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[275] body of United States troops crossed the Potomac from Washington and its neighborhood into Virginia. Ellsworth's Zouaves, in two steamers, with the steamer James Guy as accompanying tender, left their camp on the Eastern Branch and made directly for Alexandria by water. The Michigan Regiment, under Col. Wilcox, accompanied by a detachment of United States cavalry, and two pieces of Sherman's battery, under command of Lieut. Ransom, proceeded by way of the Long Bridge directly for Alexandria.

The Seventh New York Regiment halted under orders at Hughes' tavern, at the Virginia end of the Long Bridge; the Second New Jersey Regiment is at Roach's Spring, half a mile from the end of the bridge; the New York Twenty-fifth, and one cavalry company, and the New York Twelfth, and the Third and Fourth New Jersey Regiments proceeded to the right, after crossing the bridge, for the occupation of the Heights of Arlington. They were joined by other troops which crossed at the Georgetown Aqueduct.

At four o'clock, A. M., at about the same moment, the Zouaves landed at Alexandria from the steamers, and the troops before named, who proceeded by the bridge, reached that town. As the steamers drew up near the wharf, armed boats left the Pawnee, whose crews leaped upon the wharves just before the Zouaves reached the shore. The crews of the Pawnee's boats were fired upon by the few Virginia sentries as the boats left the steamship, by way of giving the alarm, when these sentries instantly fled into the town. Their fire was answered by impromptu shots from some of the Zouaves on the decks of the steamers bearing them. Immediately on landing Col. Ellsworth marched the Zouaves up into the centre of the town, no resistance whatever to their progress being offered.

Thus quiet possession was taken of that part of Alexandria in the name of the United States, by the portion of the troops immediately commanded by Col. Ellsworth.

Those commanded by Col. Wilcox, at about the same moment, as explained above, marched into the town by the extension of the Washington turnpike, the cavalry and artillery marching in two or three streets below. The destination of both these detachments was the depot of the Orange and Alexandria Railroad, which they instantly seized. They also found near by a disunion company of cavalry, commanded by Capt. Ball, (thirty-five men and as many horses,) who were made prisoners, not having heard the alarm made by the firing of the sentries below.

Every thing found in the depot, in the way of rolling stock, etc., is, of course, in the hands of the Government troops holding it.

A number of secession officers were captured in the Marshall House. They are held as prisoners.

At four o'clock in the morning, a number of Government wagons went across the Long Bridge loaded with picks, shovels, and all manner of tools of that description, and accompanied by a full corps of carpenters and workmen. The United States forces are now busily engaged in throwing up fortifications on the heights of the Virginia bank of the Potomac.

The whole of Sherman's battery (six pieces) crossed the Long Bridge in the advance during the night, two pieces going to Alexandria, and four pieces turning off to the right, Arlington way. At noon to-day Rickett's Light Artillery (six pieces) also went over the river from here.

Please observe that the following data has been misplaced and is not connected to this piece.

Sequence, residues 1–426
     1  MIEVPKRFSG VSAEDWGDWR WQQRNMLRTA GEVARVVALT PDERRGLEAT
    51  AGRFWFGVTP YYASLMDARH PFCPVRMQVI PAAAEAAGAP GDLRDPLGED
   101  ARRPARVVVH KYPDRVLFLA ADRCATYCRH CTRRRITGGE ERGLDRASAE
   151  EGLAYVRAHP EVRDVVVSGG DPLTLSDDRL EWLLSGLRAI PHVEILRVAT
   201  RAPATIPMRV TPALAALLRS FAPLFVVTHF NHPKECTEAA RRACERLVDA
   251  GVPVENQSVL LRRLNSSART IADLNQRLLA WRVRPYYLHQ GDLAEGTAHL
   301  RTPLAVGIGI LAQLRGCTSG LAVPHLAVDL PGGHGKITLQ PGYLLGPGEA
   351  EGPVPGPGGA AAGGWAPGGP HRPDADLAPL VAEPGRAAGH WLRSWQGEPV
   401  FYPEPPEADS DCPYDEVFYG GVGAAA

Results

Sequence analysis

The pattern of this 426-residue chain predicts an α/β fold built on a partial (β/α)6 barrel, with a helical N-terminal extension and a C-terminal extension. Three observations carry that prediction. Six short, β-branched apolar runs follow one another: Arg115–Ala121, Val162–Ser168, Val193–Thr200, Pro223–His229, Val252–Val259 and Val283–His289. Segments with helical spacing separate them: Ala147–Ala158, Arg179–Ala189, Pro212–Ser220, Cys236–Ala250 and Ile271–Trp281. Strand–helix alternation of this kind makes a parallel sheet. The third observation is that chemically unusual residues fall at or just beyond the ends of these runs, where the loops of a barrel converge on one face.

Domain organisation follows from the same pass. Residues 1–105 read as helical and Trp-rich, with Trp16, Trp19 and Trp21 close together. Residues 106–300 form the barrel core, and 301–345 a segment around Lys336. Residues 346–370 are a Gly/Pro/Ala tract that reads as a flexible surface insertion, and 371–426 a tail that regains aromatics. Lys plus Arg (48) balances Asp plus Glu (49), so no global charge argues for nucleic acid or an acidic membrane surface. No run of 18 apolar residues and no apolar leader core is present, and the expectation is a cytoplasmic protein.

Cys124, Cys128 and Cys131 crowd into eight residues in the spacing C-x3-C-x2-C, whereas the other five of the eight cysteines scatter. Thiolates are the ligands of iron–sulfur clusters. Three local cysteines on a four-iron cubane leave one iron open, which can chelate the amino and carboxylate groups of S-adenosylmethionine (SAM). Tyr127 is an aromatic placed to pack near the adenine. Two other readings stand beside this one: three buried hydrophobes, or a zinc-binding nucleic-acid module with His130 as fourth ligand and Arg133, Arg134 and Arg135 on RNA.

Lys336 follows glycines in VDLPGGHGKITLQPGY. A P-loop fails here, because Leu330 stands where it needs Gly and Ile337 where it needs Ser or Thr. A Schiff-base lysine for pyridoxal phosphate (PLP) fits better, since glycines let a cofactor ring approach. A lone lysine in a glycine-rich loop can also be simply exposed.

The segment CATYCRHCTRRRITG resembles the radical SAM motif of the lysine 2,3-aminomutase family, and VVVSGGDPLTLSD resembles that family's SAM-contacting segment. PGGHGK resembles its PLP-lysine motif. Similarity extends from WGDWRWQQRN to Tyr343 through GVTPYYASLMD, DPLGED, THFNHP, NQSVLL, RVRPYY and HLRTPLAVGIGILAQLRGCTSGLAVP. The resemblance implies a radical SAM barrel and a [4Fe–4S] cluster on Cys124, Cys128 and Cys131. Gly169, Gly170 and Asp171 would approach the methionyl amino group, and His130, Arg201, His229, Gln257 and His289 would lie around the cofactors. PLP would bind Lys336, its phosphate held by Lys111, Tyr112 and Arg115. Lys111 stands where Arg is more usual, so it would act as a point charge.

Col. Wilcox, of the Michigan Regiment, is now in command at Alexandria.

The citizens of Alexandria appeared terrified. Many of the Union men shouted for joy at the success of the military demonstration, declaring that free speech and free institutions were again established there.

--Washington Star, May 24.

The movement upon Virginia.

The Government, at last, has moved in force upon Virginia. On the night of Thursday, ten thousand men crossed the Potomac at Washington, captured Alexandria without resistance, while a detachment pushed forward to seize the point of junction of the Manasses Gap, with the Orange and Alexandria Railroad, to cut off all communication between Richmond and the Northern portion of the State. This movement, if successful, completely breaks the lines of the rebels, isolates Harper's Ferry from the base of their operations, and involves either the dispersion or capture of the forces at that point. We also learn that a body of Ohio troops is moving from Wheeling by way of the Baltimore and Ohio Railroad upon the same point. We had no intelligence yesterday from Fort Monroe, but it is probable that the troops concentrated at that fortress under Gen. Butler, have moved in the direction of Richmond, so that every important point on the enemy's lines will, at the same instant, be either threatened or attacked.

We could not wish for a more favorable opening of the campaign. We desire to see all the secession forces upon the soil of Virginia. The rebellion is brought within reach of the most effective blows we can deal. We can move our forces into that State in one-fourth of the time, and at one-fourth of the expense at which the secessionists can place their own there. We could not well follow them to Georgia, Alabama, or Mississippi. The inhospitable climates of those States would prove more fatal than the arms of the rebels. But in Virginia we have an acceptable and healthy battle-field, where we can concentrate and put forth our whole power.

There is another reason why Virginia should be the battle-field of all the seceding States. She has been the greatest offender. She, more than any other State, is responsible for the great rebellion. Her spirit is the most vindictive

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